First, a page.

3330: Topics in Ethics
Prerequisites: PHIL 2350 or permission of instructor. For upper level students. May count as fulfilling the additional three hour option in humanities or advanced elective credit. Classical and modern theories of value and morality posing alternative views of responsibilities to self and society; designed to assist in application of ethical principles in contemporary society. (Fall odd years)

3340: Social and Political Philosophy
Prerequisite: PHIL 2350 or permission of instructor. A study of the nature and foundation for political society and the state, basis for political obligation, and rights of the State vs. those of individuals. Representative figures include Nozick, Rawls, Rousseau, Hegel, and Marx.

3345: Philosophy of Mind
Prerequisite: PHIL 2350 or permission of instructor. A study of the mind-body problem with particular attention to materialism, the nature of consciousness, qualia, and artificial intelligence. Or, a study of the nature of human action with special attention to intentionality, practical rationality, and moral psychology. Course may be repeated for credit with permission of instructor.

4300: Metaphysics and Epistemology
Prerequisites: PHIL 2350, a 3000 level PHIL course, or permission of instructor. A study or the nature and foundation of knowledge and the ultimate nature of reality. Issues include skepticism and justification, internalist vs. externalist accounts of knowledge, the status of universals, free will vs. determinism, and realism vs. anti-realism. Designed primarily for philosophy minors or students with advanced standing in philosophy. Course may be repeated for credit with permission of instructor.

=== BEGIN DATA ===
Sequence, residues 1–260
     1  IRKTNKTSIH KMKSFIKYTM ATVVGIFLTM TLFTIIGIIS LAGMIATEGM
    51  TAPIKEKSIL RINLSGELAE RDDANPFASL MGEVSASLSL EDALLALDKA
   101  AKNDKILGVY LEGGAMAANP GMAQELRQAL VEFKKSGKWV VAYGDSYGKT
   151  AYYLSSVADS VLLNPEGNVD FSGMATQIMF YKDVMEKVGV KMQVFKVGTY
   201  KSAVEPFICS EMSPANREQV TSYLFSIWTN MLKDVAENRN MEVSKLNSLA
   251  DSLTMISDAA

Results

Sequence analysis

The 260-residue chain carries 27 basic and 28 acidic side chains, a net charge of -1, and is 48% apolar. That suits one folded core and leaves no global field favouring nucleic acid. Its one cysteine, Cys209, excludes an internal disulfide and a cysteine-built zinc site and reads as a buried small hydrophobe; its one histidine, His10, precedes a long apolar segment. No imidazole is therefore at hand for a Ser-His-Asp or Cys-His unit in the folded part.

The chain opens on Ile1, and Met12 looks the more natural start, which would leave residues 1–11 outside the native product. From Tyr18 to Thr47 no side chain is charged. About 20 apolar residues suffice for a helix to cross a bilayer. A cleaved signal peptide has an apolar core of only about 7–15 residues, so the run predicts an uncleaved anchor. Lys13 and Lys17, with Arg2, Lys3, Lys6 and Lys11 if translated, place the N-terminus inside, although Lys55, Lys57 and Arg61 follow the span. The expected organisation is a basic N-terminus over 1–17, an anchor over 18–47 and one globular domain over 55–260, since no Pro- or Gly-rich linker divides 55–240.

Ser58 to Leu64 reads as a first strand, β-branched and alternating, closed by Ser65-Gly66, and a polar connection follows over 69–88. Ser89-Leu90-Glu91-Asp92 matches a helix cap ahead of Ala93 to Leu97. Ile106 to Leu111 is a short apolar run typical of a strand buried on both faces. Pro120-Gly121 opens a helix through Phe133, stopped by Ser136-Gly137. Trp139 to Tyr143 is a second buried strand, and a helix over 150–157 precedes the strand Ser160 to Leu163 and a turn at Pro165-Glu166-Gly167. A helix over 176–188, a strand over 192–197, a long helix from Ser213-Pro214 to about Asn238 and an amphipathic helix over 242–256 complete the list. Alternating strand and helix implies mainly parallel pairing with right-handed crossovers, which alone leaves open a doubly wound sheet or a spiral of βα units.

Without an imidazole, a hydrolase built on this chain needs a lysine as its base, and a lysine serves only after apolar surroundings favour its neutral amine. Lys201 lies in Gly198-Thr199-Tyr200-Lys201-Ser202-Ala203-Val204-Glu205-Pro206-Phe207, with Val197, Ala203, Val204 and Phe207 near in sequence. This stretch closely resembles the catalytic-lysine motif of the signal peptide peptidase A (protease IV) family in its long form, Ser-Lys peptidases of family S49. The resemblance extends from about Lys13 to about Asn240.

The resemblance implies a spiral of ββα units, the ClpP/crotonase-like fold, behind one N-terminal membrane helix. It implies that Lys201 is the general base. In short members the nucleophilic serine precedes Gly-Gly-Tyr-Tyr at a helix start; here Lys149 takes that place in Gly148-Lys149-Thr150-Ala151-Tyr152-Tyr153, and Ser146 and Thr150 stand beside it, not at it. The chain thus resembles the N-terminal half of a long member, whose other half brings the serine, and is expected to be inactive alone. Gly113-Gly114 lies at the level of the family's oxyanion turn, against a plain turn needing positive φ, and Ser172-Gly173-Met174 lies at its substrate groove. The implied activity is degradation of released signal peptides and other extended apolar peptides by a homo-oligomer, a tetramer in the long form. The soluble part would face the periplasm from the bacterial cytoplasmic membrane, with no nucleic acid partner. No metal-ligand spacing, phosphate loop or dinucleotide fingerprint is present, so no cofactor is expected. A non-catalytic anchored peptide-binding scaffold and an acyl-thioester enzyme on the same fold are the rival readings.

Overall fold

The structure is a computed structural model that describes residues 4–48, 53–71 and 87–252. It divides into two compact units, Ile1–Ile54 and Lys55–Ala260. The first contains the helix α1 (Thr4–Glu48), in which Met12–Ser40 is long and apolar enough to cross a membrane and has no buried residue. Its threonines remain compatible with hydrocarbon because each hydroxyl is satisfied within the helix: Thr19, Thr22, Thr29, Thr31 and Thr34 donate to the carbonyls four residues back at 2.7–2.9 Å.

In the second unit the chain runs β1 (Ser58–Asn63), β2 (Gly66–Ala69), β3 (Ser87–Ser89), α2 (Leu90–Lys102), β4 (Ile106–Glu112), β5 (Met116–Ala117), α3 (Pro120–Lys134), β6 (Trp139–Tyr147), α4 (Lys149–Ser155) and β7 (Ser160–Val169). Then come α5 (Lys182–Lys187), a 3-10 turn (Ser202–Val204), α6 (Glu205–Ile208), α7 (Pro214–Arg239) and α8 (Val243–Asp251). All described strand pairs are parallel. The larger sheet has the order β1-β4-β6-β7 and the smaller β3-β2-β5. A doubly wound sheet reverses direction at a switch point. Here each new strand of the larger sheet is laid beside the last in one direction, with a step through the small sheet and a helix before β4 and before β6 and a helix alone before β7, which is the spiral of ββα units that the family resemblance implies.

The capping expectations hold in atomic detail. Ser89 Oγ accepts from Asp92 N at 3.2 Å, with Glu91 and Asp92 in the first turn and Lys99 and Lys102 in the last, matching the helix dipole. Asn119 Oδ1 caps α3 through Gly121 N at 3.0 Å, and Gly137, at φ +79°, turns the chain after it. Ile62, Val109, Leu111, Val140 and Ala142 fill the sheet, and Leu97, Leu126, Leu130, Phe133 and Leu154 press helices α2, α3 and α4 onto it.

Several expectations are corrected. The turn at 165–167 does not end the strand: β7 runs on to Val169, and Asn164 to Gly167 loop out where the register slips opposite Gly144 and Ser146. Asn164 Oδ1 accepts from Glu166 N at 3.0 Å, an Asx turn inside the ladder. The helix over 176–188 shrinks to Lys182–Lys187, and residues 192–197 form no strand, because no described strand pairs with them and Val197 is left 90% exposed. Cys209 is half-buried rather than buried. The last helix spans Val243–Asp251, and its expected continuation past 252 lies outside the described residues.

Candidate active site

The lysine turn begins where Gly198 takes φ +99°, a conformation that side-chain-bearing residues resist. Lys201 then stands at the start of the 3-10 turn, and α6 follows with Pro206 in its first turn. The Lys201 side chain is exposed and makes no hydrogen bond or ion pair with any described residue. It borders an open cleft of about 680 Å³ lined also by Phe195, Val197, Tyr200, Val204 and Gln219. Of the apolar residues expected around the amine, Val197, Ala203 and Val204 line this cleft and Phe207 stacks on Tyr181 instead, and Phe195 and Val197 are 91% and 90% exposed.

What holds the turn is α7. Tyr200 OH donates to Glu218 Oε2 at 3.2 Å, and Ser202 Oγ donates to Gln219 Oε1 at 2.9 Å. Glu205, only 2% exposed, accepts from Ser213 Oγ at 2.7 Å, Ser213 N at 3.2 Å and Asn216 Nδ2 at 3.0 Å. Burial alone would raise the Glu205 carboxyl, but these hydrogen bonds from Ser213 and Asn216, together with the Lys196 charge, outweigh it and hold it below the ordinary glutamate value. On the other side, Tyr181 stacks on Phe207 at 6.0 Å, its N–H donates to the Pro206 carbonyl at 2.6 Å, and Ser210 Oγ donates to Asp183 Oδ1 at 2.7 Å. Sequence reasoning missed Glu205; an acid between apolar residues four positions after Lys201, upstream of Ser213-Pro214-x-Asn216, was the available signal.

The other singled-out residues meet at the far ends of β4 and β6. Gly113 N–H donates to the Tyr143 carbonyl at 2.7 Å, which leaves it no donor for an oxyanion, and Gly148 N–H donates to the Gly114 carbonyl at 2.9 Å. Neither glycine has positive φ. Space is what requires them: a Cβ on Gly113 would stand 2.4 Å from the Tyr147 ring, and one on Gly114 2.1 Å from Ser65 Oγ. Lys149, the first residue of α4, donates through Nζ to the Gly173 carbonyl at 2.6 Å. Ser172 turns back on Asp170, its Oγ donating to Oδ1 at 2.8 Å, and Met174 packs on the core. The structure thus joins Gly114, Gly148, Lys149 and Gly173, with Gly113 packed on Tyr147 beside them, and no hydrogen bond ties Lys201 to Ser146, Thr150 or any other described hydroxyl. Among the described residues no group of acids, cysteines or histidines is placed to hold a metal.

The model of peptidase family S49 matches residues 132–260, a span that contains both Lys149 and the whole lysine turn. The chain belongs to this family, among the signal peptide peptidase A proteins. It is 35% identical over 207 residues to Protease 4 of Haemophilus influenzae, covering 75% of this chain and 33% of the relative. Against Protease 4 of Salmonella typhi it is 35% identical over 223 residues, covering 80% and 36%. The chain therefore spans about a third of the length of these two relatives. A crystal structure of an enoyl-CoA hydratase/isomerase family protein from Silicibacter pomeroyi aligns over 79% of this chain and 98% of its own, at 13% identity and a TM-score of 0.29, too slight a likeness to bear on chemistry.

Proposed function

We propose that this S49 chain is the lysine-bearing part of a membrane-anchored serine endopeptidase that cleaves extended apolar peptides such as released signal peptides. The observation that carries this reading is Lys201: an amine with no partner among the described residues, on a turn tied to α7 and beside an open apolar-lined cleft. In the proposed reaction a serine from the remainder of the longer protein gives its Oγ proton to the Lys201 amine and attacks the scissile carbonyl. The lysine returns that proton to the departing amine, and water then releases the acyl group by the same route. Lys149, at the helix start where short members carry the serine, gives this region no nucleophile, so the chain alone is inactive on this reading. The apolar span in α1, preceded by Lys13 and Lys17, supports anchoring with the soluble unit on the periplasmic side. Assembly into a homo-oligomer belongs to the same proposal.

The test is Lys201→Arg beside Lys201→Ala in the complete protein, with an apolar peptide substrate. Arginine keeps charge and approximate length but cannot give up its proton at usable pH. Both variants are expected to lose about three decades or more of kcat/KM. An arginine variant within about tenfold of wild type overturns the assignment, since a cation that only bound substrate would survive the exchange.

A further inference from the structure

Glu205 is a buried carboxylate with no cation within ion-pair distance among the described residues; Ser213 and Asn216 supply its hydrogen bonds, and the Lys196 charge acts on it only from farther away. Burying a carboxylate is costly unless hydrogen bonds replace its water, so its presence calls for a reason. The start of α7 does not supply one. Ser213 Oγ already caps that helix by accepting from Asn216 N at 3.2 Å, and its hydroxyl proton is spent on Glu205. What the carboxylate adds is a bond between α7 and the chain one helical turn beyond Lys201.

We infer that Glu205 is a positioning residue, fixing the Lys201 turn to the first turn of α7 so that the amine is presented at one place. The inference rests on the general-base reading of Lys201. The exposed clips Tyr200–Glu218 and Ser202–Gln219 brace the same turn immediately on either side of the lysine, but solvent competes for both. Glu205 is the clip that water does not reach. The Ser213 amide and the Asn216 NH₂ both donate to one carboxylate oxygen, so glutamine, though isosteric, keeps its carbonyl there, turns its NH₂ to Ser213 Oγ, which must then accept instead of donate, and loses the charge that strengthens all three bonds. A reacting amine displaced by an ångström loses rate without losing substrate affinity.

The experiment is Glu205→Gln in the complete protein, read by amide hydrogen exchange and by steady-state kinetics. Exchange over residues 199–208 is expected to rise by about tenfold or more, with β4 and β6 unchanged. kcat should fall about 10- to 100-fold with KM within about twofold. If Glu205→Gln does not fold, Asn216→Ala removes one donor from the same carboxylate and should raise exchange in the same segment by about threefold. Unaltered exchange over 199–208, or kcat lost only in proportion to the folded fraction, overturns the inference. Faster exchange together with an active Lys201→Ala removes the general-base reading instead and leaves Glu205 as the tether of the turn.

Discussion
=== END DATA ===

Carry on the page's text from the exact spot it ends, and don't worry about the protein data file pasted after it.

4310: Contemporary Philosophy
Prerequisites: PHIL 2350, a 3000 level PHIL course, or permission of instructor. For upper level students. This course covers the main philosophical movements and individual thinkers of the 20th century; including idealism, realism, pragmatism, logical positivism, scientific empiricism, phenomenology, linguistic analysis, existentialism, deconstruction and philosophical hermeneutics. (Spring odd years)

4320: Philosophy of Religion
Prerequisites: None. For upper level students. Fulfills Humanities option and may be counted for advanced Religion credit. This course examines the conceptual basis and logic of religious commitment. Emphasis on the varieties of theism together with appraisals of competing views, rational grounds for belief in God, the problem of evil, and human destiny. Issues will be related to contemporary theology. (Fall odd years)

4X95: Independent Studies
For minors. This is a study program arranged between an advanced student and an instructor to provide intensive study in a particular area of interest. The course includes a definition of goals appropriate for the advanced student, ways of attaining those goals, a schedule for frequent consultation, and means of measuring progress. (as needed)

XX99: Special Topics
For minors. This course is offered occasionally to groups of students to broaden departmental curricula, to meet student demand, or to observe special events. May be repeated for credit when topics vary. (as needed)

4X96: Honors Tutorial
Prerequisites: 12 hours in philosophy and admission to departmental honors program. The course concentrates on a major area or complex of problems in philosophy, draws on relevant contemporary and classical sources, and will cultivate the student’s ability to think and write philosophically. The course requires weekly conferences with the instructor. (as needed)

4X97: Senior Thesis
Prerequisites: 12 hours in philosophy, admission to departmental honors program and approval of thesis project by department and honors committee. Findings will be reported in writing and orally to an appropriate forum. (as needed)

4398: Senior Seminar
Prerequisite: 15 hours of philosophy. For honors students, majors or minors or advanced elective credit. This course concentrates on one, two, or three of the classic philosophers or philosophical problems. Students taking the course for honors credit must enroll concurrently in PHIL 4X97, Senior Thesis, and complete the thesis as part of this course. (as needed)


For More Information Contact

Dr. Jeffery Kinlaw, Chair
Department of Religion and Philosophy
1 McMurry University #1028
Abilene, TX 79697

Office: Old Main 204C
Phone: 325-793-3897